Gluten Free/Dairy Free Blender Waffles or Pancakes

We had a lovely waffle dinner the other night with family and friends in our community group and it was fun to be able to meet the needs of some of our food sensitive friends with this scrumptious variety that is completely gluten and dairy free. They are mighty tasty! They turn out light and fluffy so you cannot even notice the difference. Even if you are not sensitive to these foods, its a nice recipe to have on hand if you run out of your other  grain choices. Plus, I am becoming more and more convinced that having a good variety in your diet is very beneficial!

This recipe is made with the simple use of your blender. No grain grinder is necessary. You can soak the batter overnight for increased benefits (as brown rice has a small amount of phytates, learn the benefits of soaking here), or simply skip that and proceed with the recipe. Soaking also helps to break down the grain so it is softer, otherwise it will add a bit more crunch to your waffles, which is yummy too. I often prepare this recipe for last minute pancakes if I forget to soak my standard whole grain blender recipe.

Ingredients:

1 1/2 cups coconut milk, rice milk or hemp milk, or coconut milk kefir/water kefir (I prefer canned coconut milk and water it down 1/2 and 1/2 otherwise it is a bit thick. It adds the best flavor and texture to the waffles. If you use other options, make sure to increase grain choice by 1/4-1/3 cup so the batter is not too thin.)
1 1/2 cups whole raw brown rice and millet (I like to do half and half of each grain, but you can also do all brown rice or all millet. You can also use gluten-free rolled oats or quinoa, which are also wonderful additions.)
2 Tablespoons coconut oil or olive oil (preferably extra virgin cold-pressed)
2 teaspoons vanilla extract
2 eggs (preferably pastured farm fresh)
2 teaspoons baking powder
1 teaspoon sea salt
1/2 teaspoon baking soda

Directions:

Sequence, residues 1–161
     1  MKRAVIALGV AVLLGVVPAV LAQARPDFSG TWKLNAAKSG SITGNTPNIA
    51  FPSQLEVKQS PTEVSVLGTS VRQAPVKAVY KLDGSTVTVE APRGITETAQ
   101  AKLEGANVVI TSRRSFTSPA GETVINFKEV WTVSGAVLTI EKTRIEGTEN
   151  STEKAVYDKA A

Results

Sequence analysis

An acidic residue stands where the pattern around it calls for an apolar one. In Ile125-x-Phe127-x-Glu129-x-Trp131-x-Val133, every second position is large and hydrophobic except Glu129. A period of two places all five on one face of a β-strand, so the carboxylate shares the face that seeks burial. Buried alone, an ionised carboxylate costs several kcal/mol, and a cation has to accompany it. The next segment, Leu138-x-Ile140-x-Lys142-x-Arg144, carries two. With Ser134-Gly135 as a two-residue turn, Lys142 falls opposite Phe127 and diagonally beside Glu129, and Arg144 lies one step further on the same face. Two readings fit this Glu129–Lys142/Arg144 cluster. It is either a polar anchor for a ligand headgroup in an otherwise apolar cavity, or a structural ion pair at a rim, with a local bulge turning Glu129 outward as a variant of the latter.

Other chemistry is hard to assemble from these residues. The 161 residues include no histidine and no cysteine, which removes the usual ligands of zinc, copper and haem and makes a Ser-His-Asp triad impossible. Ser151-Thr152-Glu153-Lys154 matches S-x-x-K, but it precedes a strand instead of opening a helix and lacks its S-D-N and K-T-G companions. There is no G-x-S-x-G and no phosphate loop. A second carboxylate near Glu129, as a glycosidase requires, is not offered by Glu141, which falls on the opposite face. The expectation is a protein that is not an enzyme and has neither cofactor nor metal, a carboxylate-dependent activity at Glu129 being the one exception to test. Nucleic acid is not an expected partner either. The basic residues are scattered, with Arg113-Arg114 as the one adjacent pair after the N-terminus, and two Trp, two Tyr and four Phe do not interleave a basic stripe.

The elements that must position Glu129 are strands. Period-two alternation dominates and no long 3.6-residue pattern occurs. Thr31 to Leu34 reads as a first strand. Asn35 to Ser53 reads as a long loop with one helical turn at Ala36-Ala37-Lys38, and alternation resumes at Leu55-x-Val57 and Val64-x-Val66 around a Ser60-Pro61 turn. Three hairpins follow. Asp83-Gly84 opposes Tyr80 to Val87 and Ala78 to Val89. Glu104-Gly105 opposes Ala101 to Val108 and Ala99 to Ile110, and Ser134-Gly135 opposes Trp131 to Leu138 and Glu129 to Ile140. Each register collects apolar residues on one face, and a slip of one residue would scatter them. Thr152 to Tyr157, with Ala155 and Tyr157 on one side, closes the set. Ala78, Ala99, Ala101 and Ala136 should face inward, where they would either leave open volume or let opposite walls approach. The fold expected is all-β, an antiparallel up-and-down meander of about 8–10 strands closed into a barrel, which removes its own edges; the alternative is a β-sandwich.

1. In a blender, combine your choice of milk, grain, oil and vanilla extract. Blend on high for 1-2 minutes until the grain is broken down into tiny little bits.
2. Cover and soak overnight (about 8-12 hours).
3. After soaking, add eggs and blend again for 1-2 minutes, until the batter is smooth. You may have to add a 1/8-1/4 cup water to get the batter blending in a vortex.
4. Add the baking powder, salt, and baking soda and pulse briefly just until blended.
5. Prepare waffle iron or pancake griddle. I use olive oil on my Krups waffle iron for best results and grease generously between each waffle.
6. Cook for approximately 4 minutes on the waffle iron. If making pancakes, rotate when lightly brown and fry on other side till fully cooked.

Top with your favorite maple syrup and berry sauce (recipe to come)! You can get organic maple syrup at Amazon for only $16.83 with the Subscribe and Save option. A great deal!

Yields: 3-4 waffles, 20+ pancakes

For my standard whole grain waffle recipe, visit here.

About Lindsay

Lindsay Edmonds is first a lover of Jesus, wife, mother of three, homemaker, and writer. She is the editor of Passionate Homemaking since its beginning five years ago. She loves inspiring women around the world toward simple, natural, and intentional living for the glory of God.